Tourists can get a lukewarm welcome here, jamming streets with their exhaust-spewing buses, crowding the Rideau Centre, Byward Market and Sparks Street and, most unforgivably, snatching precious patio space from parched locals.
The only worse thing they can do is stay home.
And so we turn our eyes homeward. Last year, 80 per cent of tourism spending in Canada came from Canadians. They come to the capital from across the country, perhaps to see what we’ve done with their taxes.
As usual, there are new developments on this front. Stimulus lolly is gushing from the federal coffers. But the cheques in some cases arrived mere days before the openings of these festivals, by which time, critics rightly pointed out, the stated purpose of attracting out-of-town visitors seemed unlikely to be served.
The most obvious reasons to welcome visitors are economic. They spent $1.21 billion here last year, according to the Conference Board of Canada, but there are other benefits. Some locals wonder why anyone would pick Ottawa as a tourist destination, but others started out as tourists. Today’s visitor can be tomorrow’s neighbour.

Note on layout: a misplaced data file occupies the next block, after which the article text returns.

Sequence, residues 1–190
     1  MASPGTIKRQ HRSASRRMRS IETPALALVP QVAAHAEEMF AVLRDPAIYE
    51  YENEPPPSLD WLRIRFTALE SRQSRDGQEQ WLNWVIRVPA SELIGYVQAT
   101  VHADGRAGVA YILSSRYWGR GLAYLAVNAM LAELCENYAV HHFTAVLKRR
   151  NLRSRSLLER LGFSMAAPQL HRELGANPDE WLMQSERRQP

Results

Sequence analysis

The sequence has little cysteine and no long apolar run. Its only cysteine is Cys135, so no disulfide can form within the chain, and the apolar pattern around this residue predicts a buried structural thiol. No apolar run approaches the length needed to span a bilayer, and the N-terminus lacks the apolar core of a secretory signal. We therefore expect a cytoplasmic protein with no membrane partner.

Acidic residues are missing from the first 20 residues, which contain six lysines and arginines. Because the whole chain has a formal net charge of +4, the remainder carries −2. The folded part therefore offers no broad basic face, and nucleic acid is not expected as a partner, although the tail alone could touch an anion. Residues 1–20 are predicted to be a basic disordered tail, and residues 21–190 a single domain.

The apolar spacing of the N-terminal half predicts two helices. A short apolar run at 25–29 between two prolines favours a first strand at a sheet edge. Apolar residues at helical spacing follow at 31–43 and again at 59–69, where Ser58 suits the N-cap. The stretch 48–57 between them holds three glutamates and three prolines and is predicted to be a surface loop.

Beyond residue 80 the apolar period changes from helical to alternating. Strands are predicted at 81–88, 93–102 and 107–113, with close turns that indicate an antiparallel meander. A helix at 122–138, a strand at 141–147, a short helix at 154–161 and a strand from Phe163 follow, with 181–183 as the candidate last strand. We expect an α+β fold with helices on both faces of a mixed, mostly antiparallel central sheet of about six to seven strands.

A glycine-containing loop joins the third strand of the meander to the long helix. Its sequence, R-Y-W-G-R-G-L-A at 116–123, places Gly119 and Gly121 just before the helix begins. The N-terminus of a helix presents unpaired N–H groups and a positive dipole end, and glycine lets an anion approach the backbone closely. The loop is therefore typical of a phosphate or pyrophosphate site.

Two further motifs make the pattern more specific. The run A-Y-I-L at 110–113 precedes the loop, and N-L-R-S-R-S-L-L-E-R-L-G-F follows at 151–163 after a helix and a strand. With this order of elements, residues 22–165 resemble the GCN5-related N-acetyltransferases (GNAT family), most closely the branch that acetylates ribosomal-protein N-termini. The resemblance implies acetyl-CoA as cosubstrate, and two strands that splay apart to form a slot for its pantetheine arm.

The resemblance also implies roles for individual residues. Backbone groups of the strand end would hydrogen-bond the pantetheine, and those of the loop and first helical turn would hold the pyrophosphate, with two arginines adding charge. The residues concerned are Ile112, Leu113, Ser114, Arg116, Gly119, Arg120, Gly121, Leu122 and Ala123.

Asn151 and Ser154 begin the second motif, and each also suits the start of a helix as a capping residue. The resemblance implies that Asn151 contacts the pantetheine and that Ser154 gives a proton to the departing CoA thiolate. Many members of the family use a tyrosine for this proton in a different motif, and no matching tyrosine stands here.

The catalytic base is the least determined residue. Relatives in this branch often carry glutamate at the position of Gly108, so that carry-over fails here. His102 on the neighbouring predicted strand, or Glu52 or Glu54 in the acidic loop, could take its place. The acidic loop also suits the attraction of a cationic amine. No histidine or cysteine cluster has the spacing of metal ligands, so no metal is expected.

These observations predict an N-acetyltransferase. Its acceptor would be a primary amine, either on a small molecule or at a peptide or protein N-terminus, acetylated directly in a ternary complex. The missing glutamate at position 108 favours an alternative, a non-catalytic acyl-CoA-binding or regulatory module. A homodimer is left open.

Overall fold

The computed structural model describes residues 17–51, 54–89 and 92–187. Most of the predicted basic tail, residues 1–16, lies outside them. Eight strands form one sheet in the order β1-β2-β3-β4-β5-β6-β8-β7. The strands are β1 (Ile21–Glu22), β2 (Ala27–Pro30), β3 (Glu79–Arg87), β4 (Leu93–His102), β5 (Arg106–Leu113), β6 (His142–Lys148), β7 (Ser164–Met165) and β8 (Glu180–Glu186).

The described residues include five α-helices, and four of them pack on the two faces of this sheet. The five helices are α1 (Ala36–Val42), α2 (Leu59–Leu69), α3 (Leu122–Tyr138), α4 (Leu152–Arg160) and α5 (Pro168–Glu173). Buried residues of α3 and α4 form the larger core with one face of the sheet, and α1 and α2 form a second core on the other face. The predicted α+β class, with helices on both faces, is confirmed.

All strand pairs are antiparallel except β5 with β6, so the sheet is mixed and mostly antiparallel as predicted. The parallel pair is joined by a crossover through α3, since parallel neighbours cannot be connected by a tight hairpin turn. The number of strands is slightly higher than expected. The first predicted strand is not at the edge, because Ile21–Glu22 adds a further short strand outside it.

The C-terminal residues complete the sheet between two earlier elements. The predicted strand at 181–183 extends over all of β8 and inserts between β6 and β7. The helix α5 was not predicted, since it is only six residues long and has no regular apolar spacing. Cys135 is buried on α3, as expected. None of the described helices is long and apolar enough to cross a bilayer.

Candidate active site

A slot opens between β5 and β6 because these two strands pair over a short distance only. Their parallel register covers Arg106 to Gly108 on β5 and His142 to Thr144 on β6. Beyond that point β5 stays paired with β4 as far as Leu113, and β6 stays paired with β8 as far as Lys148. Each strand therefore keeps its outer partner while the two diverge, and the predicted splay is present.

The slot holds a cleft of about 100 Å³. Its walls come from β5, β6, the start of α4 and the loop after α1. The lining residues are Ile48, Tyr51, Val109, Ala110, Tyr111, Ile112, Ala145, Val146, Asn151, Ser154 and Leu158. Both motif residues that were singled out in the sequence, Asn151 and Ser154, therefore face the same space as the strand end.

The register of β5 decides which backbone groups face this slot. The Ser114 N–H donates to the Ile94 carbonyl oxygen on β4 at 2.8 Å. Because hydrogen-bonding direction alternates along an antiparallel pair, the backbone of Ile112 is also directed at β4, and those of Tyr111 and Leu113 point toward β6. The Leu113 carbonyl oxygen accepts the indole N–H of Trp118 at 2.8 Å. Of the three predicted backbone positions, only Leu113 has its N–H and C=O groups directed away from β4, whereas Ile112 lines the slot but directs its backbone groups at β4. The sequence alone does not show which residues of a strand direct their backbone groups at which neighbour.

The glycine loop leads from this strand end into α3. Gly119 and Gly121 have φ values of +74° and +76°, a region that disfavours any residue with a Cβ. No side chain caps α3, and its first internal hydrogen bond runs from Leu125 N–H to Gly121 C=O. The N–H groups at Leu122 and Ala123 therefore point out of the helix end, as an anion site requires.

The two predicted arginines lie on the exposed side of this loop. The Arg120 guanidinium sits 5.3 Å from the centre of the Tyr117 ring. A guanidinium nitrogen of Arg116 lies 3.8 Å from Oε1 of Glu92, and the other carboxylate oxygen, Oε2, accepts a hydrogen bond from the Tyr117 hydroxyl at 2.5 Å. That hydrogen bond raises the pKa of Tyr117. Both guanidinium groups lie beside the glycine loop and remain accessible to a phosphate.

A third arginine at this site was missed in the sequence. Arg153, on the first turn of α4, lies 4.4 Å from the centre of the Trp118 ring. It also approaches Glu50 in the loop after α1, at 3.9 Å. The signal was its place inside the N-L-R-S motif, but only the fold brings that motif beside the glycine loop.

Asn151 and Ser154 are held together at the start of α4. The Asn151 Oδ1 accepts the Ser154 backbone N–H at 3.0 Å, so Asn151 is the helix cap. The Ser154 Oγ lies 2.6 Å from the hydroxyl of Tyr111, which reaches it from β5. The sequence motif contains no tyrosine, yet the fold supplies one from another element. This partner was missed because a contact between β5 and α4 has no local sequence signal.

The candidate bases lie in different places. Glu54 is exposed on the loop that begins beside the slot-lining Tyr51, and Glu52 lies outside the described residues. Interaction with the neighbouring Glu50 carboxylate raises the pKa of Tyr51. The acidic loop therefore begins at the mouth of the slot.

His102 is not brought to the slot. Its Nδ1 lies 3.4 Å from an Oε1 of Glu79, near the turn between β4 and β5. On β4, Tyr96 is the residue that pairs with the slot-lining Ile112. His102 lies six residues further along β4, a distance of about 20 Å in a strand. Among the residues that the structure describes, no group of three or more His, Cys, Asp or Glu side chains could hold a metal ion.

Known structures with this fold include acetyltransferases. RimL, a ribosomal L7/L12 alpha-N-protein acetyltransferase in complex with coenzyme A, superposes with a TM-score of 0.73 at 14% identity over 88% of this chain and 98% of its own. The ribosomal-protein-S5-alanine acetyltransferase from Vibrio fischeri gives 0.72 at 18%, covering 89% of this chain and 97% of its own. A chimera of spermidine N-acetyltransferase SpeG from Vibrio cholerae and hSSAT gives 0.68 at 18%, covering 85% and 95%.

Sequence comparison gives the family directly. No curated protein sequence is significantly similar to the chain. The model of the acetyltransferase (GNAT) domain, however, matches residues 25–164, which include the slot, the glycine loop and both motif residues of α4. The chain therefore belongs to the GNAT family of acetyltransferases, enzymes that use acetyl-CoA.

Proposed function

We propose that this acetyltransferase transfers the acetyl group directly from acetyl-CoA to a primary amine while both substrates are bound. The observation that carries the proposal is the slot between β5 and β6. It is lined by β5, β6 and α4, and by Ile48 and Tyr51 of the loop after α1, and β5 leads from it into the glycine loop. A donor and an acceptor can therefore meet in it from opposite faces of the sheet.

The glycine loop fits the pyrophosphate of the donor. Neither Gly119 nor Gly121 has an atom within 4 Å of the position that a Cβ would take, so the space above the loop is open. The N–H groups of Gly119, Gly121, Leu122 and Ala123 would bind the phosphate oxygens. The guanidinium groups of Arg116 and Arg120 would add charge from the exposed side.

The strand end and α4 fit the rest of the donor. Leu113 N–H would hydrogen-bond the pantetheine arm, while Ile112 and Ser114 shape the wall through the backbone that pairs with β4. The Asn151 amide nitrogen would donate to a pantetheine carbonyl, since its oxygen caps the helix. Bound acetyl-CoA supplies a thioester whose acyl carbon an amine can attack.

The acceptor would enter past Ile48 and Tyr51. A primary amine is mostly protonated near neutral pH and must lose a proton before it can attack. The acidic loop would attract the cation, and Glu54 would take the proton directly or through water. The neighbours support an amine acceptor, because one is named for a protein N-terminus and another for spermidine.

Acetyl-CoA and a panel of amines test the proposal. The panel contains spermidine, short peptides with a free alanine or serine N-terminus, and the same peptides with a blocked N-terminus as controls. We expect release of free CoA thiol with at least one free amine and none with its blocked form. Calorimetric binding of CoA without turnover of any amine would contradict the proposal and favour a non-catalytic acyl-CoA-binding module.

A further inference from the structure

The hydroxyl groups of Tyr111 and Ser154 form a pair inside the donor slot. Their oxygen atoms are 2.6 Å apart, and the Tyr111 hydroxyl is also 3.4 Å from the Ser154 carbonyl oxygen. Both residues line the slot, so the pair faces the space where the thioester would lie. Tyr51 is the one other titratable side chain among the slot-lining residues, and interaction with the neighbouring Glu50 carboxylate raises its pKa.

I have met the tourist, and he is me. Before making the traditional migration from small town Ottawa Valley to the city, I remember meeting John Diefenbaker on my Grade 3 tour of the Parliament Buildings and seeing my first rock concerts at dear old grimy Lansdowne Park.
Now I’m local, partly because of those experiences.
Even the bored kids shambling zombie-like behind their parents on mandatory family outings are seeing this place with fresh eyes. They can appreciate this great city in ways we’ve forgotten.
And the tourists of 2009 die hard, shaking off economic malaise and daily rain to brave downtown streets rife with construction, one-way signs and mysterious name changes. Give ’em a smile and the best directions you can.